WASHINGTON (Reuters) - U.S. senators on Thursday expressed skepticism about the need for further reforms to the $2.6 trillion money market fund industry, urging the Securities and Exchange Commission to first closely study the costs and other potential downsides.
SEC Chairman Mary Schapiro has been advocating that further steps be taken to stop potential problems at money funds from spreading throughout the financial system.
A money market fund is a type of mutual fund that is required to invest in low-risk securities.
While money market funds are generally considered safer than other mutual funds that pay dividends, they are not federally insured, which critics believe can cause a false sense of security.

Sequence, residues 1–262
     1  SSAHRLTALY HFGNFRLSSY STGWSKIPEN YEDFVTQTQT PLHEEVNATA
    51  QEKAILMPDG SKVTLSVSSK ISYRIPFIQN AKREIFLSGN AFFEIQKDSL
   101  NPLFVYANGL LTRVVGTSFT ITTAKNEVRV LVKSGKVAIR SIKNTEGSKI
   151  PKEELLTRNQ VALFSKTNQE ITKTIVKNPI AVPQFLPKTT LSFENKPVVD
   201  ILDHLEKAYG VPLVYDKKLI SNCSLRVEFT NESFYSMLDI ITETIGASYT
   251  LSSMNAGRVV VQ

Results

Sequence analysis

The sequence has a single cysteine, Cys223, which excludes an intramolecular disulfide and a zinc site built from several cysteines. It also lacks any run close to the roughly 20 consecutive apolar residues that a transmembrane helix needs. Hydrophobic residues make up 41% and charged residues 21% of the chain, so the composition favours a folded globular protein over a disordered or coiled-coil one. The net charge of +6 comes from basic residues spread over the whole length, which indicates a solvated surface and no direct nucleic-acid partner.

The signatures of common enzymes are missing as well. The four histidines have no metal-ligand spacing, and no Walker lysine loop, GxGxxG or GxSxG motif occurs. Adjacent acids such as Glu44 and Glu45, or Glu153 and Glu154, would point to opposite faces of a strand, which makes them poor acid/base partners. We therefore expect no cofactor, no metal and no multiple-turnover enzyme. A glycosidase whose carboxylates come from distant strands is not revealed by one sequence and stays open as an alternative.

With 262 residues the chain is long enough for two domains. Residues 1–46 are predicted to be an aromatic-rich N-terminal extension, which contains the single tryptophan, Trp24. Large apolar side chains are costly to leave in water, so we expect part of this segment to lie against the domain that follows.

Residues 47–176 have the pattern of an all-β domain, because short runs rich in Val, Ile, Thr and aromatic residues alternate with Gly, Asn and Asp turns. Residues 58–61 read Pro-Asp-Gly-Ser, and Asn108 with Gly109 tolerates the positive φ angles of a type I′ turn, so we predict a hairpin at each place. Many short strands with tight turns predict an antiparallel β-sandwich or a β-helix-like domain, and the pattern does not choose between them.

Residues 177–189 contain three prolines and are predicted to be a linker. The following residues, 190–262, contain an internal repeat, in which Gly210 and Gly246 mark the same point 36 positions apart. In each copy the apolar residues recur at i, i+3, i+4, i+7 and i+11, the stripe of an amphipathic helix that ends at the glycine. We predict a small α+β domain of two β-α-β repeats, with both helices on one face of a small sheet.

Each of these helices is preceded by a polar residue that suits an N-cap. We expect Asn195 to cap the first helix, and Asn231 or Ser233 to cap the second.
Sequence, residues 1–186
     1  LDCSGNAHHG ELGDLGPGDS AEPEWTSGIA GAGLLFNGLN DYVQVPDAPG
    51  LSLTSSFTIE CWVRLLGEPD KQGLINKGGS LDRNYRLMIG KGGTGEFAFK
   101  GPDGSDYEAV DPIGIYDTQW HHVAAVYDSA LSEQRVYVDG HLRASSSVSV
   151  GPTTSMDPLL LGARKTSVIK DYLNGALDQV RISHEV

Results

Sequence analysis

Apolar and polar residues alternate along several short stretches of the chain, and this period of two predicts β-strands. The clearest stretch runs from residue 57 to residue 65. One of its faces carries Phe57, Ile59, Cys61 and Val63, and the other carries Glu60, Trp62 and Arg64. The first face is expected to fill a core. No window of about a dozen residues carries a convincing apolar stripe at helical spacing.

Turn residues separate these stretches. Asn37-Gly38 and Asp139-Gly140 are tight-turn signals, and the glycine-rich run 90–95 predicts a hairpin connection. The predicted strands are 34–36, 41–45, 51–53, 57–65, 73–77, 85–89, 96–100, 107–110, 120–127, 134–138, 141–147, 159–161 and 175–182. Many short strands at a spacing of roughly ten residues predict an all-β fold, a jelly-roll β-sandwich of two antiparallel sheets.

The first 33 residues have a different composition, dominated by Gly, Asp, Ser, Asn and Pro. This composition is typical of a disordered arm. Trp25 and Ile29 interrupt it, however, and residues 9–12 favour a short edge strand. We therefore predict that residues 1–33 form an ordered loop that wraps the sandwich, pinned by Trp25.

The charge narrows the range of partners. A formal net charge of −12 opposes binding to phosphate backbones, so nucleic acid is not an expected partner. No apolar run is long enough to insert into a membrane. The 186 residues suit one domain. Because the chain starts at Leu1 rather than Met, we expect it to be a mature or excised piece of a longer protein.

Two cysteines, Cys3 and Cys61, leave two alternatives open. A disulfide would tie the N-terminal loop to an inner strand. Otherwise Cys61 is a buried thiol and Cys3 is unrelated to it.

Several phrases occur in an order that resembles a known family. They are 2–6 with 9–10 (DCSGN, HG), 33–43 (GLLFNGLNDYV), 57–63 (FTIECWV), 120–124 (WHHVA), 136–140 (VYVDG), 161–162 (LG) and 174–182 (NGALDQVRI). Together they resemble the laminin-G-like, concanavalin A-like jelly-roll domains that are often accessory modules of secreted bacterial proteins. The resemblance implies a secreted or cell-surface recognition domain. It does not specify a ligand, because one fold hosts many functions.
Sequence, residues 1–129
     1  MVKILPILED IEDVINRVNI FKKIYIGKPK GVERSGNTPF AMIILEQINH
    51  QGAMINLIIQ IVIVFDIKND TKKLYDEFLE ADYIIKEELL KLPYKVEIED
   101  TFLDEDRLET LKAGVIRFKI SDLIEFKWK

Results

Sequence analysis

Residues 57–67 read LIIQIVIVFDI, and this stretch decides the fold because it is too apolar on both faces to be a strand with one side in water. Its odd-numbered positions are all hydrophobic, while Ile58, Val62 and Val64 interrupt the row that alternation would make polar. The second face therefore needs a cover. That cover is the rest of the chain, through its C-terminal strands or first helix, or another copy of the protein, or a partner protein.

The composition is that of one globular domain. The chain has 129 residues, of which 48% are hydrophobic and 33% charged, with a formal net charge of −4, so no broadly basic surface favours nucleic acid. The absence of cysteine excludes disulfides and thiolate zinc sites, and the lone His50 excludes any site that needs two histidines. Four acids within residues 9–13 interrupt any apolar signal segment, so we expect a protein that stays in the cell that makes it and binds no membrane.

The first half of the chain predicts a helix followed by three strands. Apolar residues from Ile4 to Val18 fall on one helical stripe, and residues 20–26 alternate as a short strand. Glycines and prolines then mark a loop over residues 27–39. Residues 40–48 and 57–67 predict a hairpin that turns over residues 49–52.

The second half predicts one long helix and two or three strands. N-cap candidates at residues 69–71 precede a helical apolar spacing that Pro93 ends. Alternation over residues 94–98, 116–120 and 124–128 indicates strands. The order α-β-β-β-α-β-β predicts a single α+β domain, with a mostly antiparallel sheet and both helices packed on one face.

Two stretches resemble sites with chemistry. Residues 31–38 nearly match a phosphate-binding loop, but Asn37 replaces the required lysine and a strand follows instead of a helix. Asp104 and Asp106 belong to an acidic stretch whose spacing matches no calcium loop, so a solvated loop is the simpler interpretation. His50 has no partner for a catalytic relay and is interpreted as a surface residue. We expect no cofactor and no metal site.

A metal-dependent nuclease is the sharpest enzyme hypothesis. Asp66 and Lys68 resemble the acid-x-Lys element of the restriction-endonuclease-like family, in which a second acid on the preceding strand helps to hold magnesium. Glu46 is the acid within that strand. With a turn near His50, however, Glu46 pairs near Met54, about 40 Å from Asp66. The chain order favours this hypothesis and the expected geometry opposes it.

Confidence in the money fund industry was shaken in 2008 when the Reserve Primary Fund, one of the oldest and biggest money funds, broke the buck, or its per-share value fell below $1. That happened because of the fund's heavy losses on debt holdings in
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